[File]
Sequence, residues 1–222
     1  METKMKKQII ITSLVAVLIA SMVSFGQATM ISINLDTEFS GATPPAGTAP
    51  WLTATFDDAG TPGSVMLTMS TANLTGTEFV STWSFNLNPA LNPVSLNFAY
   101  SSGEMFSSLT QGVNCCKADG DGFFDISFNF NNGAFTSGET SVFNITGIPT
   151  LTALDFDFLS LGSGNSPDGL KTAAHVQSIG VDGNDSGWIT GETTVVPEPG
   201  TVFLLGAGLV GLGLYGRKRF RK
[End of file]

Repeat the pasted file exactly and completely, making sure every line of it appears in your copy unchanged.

Sequence, residues 1–222
     1  METKMKKQII ITSLVAVLIA SMVSFGQATM ISINLDTEFS GATPPAGTAP
    51  WLTATFDDAG TPGSVMLTMS TANLTGTEFV STWSFNLNPA LNPVSLNFAY
   101  SSGEMFSSLT QGVNCCKADG DGFFDISFNF NNGAFTSGET SVFNITGIPT
   151  LTALDFDFLS LGSGNSPDGL KTAAHVQSIG VDGNDSGWIT GETTVVPEPG
   201  TVFLLGAGLV GLGLYGRKRF RK